Building » Swansea (Landore) – St Peter

Swansea (Landore) – St Peter

Cwm Level Road, Landore, Swansea, SA5 9DY

A modest rectangular building of dual-purpose church and hall character, built in a simple Gothic style by the Benedictines in 1927. The interior is a single space, with a modern suspended ceiling.

The site of the present church was occupied in the later nineteenth century by a pump house building belonging to a colliery known as Cwm Pit, which was disused by the 1890s. In the early 1920s some land here was purchased by a local scrap dealer and given to the Catholic Church as the site for a new place of worship. The church was built in 1927 and opened in November of that year. Building Act plans in West Glamorgan Archives give the builder as Messrs Quinn & Co. Ltd. of Occupation Road, Cardiff; there is no evidence that an architect was involved. The plans show the church as it is now, but with an open roof with metal bracing. The church was originally served by the Benedictines from St Joseph’s in Swansea, but became a separate parish served by diocesan clergy in the 1940s. The building was refurbished in the 1980s, when a suspended ceiling was inserted. The windows have an abstract leading pattern often used by the architects F. R. Bates, Son & Price in their other new buildings and refurbishments in the diocese, which suggests that the firm was responsible for the 1980s work.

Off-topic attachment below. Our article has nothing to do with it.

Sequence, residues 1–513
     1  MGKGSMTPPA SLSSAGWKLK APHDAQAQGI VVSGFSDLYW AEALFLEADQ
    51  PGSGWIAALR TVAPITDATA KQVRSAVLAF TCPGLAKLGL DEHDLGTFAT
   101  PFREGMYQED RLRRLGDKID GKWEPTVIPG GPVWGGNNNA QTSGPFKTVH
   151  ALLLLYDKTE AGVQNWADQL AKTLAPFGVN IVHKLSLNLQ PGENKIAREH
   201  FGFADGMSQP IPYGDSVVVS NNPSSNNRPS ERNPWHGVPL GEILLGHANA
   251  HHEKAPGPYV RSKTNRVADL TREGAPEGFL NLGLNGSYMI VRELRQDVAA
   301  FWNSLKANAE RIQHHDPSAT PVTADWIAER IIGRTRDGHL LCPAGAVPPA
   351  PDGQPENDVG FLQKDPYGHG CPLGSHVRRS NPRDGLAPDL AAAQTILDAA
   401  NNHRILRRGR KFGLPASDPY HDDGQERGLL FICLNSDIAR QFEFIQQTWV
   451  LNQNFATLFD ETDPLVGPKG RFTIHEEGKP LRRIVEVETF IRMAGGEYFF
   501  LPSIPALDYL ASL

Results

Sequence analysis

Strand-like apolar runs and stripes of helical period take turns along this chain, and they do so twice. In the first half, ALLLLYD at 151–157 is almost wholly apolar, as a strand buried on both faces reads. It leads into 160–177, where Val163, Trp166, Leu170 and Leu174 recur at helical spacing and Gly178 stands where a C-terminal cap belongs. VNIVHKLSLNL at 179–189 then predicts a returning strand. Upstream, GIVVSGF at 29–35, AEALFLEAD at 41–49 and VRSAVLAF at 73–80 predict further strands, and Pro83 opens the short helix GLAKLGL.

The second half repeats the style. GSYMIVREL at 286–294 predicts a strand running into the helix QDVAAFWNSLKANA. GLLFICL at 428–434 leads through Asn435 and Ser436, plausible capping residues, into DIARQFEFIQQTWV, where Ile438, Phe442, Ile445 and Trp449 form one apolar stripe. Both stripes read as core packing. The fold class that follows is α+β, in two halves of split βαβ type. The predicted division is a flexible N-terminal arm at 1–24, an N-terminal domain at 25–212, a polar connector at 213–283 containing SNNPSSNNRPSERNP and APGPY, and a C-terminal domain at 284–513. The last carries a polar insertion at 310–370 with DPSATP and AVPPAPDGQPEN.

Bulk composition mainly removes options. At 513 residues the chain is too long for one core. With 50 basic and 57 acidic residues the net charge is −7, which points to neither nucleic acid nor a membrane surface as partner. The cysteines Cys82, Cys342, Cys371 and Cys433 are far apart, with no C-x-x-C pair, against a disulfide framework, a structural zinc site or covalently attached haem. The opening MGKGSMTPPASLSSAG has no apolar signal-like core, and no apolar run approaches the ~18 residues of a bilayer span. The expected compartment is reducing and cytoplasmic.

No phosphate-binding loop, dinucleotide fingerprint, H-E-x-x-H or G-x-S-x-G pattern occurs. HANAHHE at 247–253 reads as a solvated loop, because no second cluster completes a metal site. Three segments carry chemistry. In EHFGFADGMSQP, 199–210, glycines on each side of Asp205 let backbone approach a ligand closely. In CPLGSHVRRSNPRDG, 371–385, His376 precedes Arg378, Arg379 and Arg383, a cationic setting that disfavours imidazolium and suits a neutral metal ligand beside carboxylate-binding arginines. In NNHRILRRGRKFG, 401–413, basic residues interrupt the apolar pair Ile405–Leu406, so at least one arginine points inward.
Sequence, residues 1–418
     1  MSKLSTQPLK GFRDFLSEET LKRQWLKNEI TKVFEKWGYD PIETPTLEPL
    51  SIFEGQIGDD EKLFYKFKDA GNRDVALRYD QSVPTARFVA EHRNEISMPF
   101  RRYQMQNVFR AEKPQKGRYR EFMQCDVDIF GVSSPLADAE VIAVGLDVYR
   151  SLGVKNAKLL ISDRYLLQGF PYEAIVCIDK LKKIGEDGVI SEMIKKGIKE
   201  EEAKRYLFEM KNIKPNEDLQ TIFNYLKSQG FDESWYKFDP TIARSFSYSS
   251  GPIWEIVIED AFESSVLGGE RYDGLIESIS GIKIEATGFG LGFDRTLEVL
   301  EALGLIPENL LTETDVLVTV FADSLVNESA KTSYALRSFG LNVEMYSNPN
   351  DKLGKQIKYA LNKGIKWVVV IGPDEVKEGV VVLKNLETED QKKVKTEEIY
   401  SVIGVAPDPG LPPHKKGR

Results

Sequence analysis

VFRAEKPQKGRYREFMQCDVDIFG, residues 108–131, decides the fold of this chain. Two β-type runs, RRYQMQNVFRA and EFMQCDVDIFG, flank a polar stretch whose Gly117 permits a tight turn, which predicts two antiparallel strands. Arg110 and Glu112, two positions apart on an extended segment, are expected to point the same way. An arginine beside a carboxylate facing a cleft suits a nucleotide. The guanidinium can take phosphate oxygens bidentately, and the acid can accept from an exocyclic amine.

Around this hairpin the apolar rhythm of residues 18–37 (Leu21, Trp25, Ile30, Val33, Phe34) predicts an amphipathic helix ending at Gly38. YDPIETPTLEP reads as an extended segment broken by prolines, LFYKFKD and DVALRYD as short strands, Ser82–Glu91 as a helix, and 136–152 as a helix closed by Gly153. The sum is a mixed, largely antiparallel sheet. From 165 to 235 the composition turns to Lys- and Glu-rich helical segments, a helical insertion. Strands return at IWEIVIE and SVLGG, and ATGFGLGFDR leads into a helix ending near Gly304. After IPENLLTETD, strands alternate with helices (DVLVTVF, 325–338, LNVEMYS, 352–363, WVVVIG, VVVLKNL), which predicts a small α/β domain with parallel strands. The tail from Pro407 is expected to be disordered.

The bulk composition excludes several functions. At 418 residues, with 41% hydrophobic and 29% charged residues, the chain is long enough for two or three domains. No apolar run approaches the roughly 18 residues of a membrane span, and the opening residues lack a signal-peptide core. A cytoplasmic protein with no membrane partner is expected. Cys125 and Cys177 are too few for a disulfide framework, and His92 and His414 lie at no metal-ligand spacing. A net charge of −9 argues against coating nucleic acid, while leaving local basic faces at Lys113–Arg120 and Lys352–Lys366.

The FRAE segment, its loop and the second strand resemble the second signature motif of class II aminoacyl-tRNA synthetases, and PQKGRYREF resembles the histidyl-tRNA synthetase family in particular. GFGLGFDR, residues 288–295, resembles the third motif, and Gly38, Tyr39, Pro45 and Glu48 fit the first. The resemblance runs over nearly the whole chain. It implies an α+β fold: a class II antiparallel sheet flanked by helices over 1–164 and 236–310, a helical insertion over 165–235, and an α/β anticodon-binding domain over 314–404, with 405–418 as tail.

The church is a modest building, rectangular on plan. The external walls are faced with pebbledash with red brick window surrounds and detailing, while the pitched roof is covered with Welsh slate. The west end wall has a central gabled porch with a single window set in a brick surround which is carried up to form a bellcote at the apex. The side walls each have six broad pointed windows with brick surrounds. The interior is a single space with a solid carpeted floor, plastered walls and a stepped ceiling of acoustic panels hiding the roof structure. The windows are all clear glazed with an abstract leading pattern. A cambered downstand beam marks the transition from nave to sanctuary in the easternmost bay, which has a small dais. The timber benches could date from the 1920s. There are no furnishings of particular note.

Heritage Details

Architect: Quinn & Co Ltd. (builders)

Original Date: 1927

Conservation Area: No

Listed Grade: Not Listed